The Separation of Church and State

Donald Wildmon: A life spent promoting Christian Nationalism, division and misinformation

  Rob Boston

Last week, the Rev. Donald Wildmon of Tupelo, Miss., died at age 85. The name may not ring a bell, but Wildmon was one of the founders of contemporary Christian Nationalism and, alongside TV preachers Jerry Falwell and Pat Robertson, was an early leader of the U.S. Religious Right.

Disturbed by what he considered to be salacious content on television, Wildmon, a United Methodist minister, founded the National Federation for Decency in 1977. But the rise of cable TV made that issue a non-starter, so Wildmon pivoted. He changed the name of the group to the American Family Association (AFA) in 1988 and enlarged its scope to embrace a familiar Christian Nationalist agenda: attacking LGBTQ+ people, blasting reproductive freedom, assailing public education, promoting the “Christian nation” myth and working to lure conservative pastors into partisan politics.

The AFA was famous for launching boycotts of companies such as Disney and McDonald’s, and while critics debated their effectiveness, the actions garnered the group media attention and donations. The AFA, now run by Wildmon’s son Tim, has an annual budget of $31 million and owns a nationwide chain of nearly 200 radio stations that blast far-right propaganda through its American Family News. AFA is a prominent member of the Shadow Network of organizations working to undermine democracy and church-state separation.

Wildmon’s attacks on separation

In some ways, Wildmon was an innovator. You’ve probably heard about “In God We Trust” signs being posted in public schools and government offices. What you may not know is that Wildmon devised that project in 2001. (The AFA just happened to be selling “In God We Trust” posters at the time – a coincidence, I’m sure.) And the “war on Christmas” myth – Fox News did that, right? Nope. Fox hyped the false “war,” but the AFA conceived it and still promotes those phony claims today.

All over the country, LGBTQ-themed books are being pulled from public schools and libraries. Wildmon was an early adopter of this strategy. In 2001, he endorsed a website run by Kjos Ministries, which attacked the popular Harry Potter books for promoting witchcraft, and he so terrorized the publishing firm of Holt, Rinehart and Winston that it stopped publishing a popular series of readers called “Impressions.” Wildmon claimed the books were full of witchcraft and humanism.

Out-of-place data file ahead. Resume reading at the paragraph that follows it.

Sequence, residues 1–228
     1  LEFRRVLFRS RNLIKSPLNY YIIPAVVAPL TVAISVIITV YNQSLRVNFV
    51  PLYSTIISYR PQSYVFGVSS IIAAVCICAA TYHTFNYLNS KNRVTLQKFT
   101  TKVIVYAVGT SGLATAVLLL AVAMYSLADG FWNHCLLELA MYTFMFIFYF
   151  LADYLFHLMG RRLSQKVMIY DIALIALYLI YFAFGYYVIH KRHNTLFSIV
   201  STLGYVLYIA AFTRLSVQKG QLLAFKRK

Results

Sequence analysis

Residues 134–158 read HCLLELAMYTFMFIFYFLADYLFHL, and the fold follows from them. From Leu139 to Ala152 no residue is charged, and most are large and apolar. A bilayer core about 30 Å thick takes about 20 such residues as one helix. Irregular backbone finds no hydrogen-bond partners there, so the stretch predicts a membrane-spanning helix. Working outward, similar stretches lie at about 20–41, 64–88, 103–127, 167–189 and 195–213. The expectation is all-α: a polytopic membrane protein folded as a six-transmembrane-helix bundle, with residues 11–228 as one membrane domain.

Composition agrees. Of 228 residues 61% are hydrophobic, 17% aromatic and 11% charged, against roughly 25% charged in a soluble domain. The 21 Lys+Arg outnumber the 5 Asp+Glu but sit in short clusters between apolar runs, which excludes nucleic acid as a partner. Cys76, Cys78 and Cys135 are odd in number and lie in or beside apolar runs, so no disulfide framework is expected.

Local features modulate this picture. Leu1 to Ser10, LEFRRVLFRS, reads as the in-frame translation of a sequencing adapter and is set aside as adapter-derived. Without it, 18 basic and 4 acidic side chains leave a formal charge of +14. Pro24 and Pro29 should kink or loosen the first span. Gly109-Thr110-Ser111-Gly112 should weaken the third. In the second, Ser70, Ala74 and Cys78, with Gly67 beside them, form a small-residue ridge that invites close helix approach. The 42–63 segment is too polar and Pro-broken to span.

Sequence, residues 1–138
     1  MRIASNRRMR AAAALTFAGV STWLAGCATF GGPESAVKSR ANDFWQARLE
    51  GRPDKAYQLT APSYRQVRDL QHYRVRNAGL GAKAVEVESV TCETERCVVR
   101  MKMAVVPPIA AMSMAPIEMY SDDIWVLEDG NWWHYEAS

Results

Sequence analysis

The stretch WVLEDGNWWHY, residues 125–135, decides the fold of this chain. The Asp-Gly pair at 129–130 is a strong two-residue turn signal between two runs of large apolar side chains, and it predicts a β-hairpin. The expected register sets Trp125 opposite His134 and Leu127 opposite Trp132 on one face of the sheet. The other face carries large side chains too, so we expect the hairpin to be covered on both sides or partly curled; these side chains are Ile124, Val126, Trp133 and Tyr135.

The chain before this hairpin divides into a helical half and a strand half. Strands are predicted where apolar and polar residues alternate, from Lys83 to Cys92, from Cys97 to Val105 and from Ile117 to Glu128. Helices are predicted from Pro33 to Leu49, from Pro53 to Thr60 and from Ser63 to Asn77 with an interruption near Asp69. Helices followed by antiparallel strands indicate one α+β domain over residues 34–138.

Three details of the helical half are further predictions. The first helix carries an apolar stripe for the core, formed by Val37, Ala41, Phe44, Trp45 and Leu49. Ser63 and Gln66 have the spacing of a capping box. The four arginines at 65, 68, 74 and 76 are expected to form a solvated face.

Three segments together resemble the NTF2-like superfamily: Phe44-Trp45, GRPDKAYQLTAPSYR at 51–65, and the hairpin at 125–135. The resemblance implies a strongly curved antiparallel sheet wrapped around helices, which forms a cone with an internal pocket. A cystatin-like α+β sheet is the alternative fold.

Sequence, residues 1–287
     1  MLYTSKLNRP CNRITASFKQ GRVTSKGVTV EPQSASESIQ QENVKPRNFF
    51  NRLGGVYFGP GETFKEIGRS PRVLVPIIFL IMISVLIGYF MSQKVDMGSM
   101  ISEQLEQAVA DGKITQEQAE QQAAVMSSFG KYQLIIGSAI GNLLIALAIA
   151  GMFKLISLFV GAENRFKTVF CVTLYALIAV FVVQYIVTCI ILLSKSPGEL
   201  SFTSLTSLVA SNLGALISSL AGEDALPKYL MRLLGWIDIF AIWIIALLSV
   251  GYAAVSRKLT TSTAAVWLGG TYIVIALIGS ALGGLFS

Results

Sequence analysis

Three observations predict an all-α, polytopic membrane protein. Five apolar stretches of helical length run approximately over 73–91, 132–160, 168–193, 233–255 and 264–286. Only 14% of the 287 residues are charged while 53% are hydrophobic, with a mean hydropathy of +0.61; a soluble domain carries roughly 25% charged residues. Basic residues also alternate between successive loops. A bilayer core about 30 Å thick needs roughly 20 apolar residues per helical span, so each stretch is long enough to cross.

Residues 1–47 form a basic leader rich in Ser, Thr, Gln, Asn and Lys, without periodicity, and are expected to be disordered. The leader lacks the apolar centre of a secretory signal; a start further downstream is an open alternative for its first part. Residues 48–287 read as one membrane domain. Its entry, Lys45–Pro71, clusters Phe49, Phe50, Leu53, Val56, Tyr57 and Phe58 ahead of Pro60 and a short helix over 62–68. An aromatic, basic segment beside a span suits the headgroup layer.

Remember when Target stores came under fire for allowing transgender people to use the bathrooms of their choice? AFA stirred all that up. Same with the failed campaign in 2012 to get J.C. Penney to dump Ellen DeGeneres as a spokeswoman because she’s gay; that was the work of AFA affiliate One Million Moms.

AFA asserted that God put Donald Trump in office and peddled absurd conspiracy theories about rigged voting machines after Trump lost in 2020. The organization urged churches to resist COVID-era restrictions on large gatherings. It ran stories sympathetic to the insurrectionists who were arrested after the Jan. 6, 2021, assault on the U.S. Capitol.

‘Society that is crumbling before us’

Wildmon never hesitated to employ lurid rhetoric. Speaking at a conference in Florida in 2007, he called America a “society that is crumbling before us, like ancient Rome did” and added that before long, people would be punished for “being Christian.” In 2009, he threw a fit because the newly opened U.S. Capitol Visitors Center, a facility designed to help people understand the history and functions of the American government, didn’t contain enough references to Christianity. Wildmon was convinced that the United States was founded to be a Christian nation – the text of the Constitution notwithstanding – and frequently promoted the work of discredited pseudo-historian David Barton. (The Southern Poverty Law Center has more on the extreme views of Wildmon and the AFA.)

Wildmon had a family, and I’m sure they miss him. My condolences to them. But death is the time when we take the measure of a person and do a kind of summing up. Wildmon’s legacy is one of fomenting hate and division, promoting conspiracy theories, pushing theocracy and spreading lies about America’s founding.

Put simply, that’s not a life well lived.

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